The empire-building processes are not seen merely as processes of geographic and demographic expansion. They involve, as well, processes of social stratification whereby feudal and incipient feudal systems emerge. The advent of European capitalism does not involve absorption of territories and populations the African-style. During the colonial stage of imperialism, capitalism divides territories even within a particular European Empire into sub-divisions which later emerge as so-called nations of Africa.
Thus, whereas the processes before the European advent centralize the administration of all territories within the population, the Europeans decentralize their administration on the African continent and have the central authority located outside its population away in Europe. The principle of divide and rule informs this retrogressive behaviour.
Hence, people speaking the same language and sharing the same culture find themselves divided by an arbitrary line of demarcation. That explains why one finds the Ewe in the three countries of Ghana, Togo and Benin. The Hausa are found in Niger and Nigeria. The Tswana are divided between South Africa and Botswana. The Ewe, Hausa and Tswana are then supposed to respectively form different ‘nations’ in their separate countries. Examples of this retrogression are multiplied across the African continent.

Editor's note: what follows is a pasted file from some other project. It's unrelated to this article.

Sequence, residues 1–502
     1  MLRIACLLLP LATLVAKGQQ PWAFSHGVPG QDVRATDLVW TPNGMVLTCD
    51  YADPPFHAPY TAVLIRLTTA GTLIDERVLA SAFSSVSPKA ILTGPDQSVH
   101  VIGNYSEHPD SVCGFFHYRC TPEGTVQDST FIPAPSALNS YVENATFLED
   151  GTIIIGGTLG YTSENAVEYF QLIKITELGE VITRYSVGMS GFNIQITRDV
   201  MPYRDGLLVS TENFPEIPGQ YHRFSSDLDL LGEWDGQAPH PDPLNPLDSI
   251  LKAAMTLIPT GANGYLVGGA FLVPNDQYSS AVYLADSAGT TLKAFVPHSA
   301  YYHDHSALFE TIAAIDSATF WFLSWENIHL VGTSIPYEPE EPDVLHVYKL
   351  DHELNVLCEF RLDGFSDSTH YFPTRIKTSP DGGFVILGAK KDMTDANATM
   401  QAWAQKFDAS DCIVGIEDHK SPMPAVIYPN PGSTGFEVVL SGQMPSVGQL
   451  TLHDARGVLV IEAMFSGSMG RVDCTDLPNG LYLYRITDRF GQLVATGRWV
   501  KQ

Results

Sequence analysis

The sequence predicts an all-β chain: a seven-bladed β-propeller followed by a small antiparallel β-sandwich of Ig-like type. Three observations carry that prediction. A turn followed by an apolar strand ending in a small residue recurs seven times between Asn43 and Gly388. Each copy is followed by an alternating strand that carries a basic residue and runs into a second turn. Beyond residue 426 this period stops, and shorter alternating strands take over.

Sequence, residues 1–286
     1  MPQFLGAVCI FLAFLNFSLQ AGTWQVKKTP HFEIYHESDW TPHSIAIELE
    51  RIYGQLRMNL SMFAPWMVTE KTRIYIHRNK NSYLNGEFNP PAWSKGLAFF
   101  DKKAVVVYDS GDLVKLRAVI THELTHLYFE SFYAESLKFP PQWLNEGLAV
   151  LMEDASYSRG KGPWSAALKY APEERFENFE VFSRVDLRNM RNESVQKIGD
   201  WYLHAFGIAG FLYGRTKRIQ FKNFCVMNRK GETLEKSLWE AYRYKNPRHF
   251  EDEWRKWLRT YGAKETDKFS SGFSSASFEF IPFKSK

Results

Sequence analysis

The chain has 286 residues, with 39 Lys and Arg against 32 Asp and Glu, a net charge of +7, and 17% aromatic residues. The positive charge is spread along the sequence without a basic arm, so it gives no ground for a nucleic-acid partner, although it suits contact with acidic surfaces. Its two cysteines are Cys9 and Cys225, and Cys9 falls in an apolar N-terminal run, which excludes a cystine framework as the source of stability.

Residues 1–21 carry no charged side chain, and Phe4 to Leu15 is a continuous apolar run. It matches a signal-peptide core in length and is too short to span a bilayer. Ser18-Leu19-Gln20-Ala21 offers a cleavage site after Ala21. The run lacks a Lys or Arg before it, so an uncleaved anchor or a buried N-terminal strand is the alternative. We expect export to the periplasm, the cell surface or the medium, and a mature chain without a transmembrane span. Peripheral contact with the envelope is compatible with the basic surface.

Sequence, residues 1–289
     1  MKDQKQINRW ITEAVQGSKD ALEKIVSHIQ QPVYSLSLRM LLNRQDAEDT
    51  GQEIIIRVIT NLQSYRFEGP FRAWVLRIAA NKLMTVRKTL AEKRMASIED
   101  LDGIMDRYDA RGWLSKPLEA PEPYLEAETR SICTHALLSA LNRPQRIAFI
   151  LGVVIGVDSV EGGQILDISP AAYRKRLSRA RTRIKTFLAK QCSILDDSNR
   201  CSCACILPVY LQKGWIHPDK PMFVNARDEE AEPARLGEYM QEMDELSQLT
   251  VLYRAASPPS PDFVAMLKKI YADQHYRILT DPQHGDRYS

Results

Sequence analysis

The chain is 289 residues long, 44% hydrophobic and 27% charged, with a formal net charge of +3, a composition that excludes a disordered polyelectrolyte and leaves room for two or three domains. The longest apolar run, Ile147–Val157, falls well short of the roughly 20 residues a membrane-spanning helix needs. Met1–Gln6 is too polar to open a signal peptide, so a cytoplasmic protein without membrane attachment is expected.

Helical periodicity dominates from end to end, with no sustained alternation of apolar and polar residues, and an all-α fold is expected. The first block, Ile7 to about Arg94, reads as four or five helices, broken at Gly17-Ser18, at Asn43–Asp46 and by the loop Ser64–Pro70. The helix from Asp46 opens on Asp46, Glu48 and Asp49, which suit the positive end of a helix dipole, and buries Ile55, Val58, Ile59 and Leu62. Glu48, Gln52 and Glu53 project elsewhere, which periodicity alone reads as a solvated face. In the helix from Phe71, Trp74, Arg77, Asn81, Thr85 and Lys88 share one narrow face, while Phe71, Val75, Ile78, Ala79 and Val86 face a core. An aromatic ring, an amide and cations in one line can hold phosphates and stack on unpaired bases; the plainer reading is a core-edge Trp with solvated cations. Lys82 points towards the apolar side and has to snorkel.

The said retrogression stands in opposition to the progressive force of history that manifests in cross-border interaction in the face of huge security arrangements like the digging of canal-like fissures between countries. The removal of such obstacles to free interaction remains a constant demand of Africans on both sides of the artificial borders. This demand cannot forever be a wild-goose chase, a mere dream.
Unless, however, the organized force of the people is set in motion to forcibly dismantle the neo-colonial state structures and remove the borders in an armed struggle the situation threatens to remain with us unduly for a long while. The extreme obstacles that these borders represent in African development are well captured in Dr. Kwame Nkrumah’s 1964 statement in Cairo that: ‘By far the greatest wrong which the departing colonialists inflicted on us, and which we now continue to inflict on ourselves in our present state of disunity, was to leave us divided into economically unviable States which bear no possibility of real development.’
That is the extent of the border issue in its impact on African development. The winner in that case remains the imperialists and neo-colonialists and the indigenous bourgeoisie. Even so, the force of history finally triumphs. And it triumphs in the face of the deceptive imperialist and neo-colonialist display of might with its armed forces and other mechanisms. For, it is not arms that win the war. It is the people in arms who win that war. And that war, a people’s war, has no colour of race.